Supporter of Oregon medical pot law wins attorney general race
PORTLAND, Oregon (Reuters) - In a primary election race for Oregon's top law enforcement post, the candidate who pledged to protect medical marijuana patients scored a decisive victory Tuesday night over a rival who led a cannabis crackdown last year.
Retired judge Ellen Rosenblum, strongly backed by proponents of liberalized marijuana laws, captured 63 percent of the vote in the Democratic primary for state attorney general, trailed by former U.S. Attorney Dwight Holton with 36 percent, according to early returns.
Because no Republicans sought their party's nomination for attorney general, the Democratic primary victor, Rosenblum, becomes the presumptive winner in November's general election, making her the first woman to claim that office.
With Rosenblum and Holton taking similar stances on issues such as consumer protection, civil rights and the environment, their diametrically opposed views on medical marijuana emerged as a key point of contention in the race, so much so that the campaign was seen largely as a referendum on drug policy generally.
"As attorney general, I will make marijuana enforcement a low priority, and protect the rights of medical marijuana patients," Rosenblum said on her website before the election.
By contrast, Holton called Oregon's medical marijuana law, which has left distribution and cultivation of pot largely unregulated, a "trainwreck" that was putting pot "in the hands of kids" and others who are using it for purposes other than pain management.
In a brief victory statement issued shortly after election officials began to tally the ballots, Rosenblum said she was "honored to have been selected by the voters of Oregon as their choice for the Democratic nominee (for) Attorney General of Oregon."
She made no mention of marijuana or any other specific issues. Nor did Holton, who in his concession statement thanked, among others, the coalition of organized labor groups that backed his candidacy.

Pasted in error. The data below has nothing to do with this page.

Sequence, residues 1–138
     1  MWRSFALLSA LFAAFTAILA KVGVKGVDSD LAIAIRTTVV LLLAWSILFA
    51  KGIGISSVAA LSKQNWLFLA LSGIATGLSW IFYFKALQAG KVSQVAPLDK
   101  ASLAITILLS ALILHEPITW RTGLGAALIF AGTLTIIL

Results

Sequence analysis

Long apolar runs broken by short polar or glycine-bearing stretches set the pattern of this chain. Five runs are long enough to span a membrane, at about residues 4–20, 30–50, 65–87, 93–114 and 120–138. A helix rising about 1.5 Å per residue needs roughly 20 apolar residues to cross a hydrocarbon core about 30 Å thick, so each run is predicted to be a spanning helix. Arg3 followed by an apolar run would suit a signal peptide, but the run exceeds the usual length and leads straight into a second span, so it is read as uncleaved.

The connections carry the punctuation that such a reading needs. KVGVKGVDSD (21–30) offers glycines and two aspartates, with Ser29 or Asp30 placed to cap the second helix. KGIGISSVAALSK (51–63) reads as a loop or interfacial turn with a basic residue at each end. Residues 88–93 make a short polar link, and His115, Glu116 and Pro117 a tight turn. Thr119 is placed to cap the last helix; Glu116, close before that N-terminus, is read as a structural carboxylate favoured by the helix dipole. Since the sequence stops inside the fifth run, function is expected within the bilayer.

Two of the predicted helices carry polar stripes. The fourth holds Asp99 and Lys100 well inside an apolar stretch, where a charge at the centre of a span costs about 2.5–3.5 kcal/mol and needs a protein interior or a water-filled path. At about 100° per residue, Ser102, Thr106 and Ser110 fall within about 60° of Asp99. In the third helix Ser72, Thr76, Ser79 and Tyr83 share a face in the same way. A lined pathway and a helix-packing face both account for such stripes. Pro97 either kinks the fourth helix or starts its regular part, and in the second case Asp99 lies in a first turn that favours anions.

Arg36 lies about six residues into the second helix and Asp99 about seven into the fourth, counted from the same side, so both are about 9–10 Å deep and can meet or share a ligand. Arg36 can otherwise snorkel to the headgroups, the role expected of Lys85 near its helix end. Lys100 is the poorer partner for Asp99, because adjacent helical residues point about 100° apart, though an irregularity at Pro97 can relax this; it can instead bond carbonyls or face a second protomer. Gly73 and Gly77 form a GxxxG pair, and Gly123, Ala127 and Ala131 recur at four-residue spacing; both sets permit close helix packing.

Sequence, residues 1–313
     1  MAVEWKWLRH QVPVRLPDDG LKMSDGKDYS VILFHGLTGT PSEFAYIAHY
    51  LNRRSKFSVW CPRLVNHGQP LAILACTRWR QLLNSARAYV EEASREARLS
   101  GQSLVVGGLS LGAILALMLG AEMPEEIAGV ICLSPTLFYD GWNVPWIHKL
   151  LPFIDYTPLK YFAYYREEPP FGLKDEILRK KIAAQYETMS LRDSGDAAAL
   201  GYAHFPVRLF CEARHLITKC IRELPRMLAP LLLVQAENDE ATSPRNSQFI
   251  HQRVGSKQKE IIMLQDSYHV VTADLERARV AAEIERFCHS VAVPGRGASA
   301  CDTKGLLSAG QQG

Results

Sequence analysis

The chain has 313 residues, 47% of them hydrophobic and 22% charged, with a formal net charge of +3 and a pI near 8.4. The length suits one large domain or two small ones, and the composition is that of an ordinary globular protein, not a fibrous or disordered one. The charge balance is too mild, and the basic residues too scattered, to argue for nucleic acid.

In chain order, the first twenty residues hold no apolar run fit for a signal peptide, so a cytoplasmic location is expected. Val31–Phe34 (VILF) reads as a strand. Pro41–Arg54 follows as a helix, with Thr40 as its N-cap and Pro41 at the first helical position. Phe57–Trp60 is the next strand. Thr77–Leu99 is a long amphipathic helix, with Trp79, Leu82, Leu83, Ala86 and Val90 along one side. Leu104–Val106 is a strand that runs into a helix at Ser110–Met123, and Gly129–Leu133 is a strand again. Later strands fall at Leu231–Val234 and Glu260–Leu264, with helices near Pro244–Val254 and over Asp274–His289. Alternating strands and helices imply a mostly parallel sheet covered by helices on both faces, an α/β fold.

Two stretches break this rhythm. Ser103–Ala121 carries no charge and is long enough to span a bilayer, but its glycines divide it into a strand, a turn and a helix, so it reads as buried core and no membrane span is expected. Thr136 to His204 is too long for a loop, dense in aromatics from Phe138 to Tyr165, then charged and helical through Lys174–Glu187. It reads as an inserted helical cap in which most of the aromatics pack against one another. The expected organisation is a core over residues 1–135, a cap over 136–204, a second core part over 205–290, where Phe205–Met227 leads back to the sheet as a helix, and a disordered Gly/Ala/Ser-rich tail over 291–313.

But medical marijuana advocates seized on Rosenblum's win as a sign that voters were at odds with the federal government's recent crackdown on storefront cannabis shops in states that have legalized personal use, possession and cultivation of pot for healthcare reasons.
As Oregon's chief federal prosecutor last year, Holton was in the vanguard of that crackdown, sending letters to owners, operators and landlords of storefront pot outlets warning they faced prosecution and civil enforcement actions for involvement in the sale of cannabis.
While medical marijuana is legal in Oregon, the sale for profit of cannabis to any of the state's 55,000 registered cannabis patients is considered illegal, although growers can be reimbursed for supplies and utilities.
Even so, some medical marijuana "cafes" have sprung up in the state, drawing the ire of groups opposed to drug use.
The primary contest unfolded as two groups in Oregon are racing to collect enough signatures for two separate ballot initiatives seeking to legalize marijuana for recreational use in the state.
If their efforts are successful, Oregon voters will join those in Colorado and Washington state who will decide on the matter in November. A total of 16 states, plus the District of Columbia, allow medical marijuana, though cannabis remains classified as an illegal narcotic under federal law.
Some experts predicted a Rosenblum triumph could resonate well outside of Oregon's largely Democratic-registered electorate.
"A victory for Rosenblum could have symbolic power which would reach beyond the state into the national debate," said University of Oregon political science professor Joe Lowndes.
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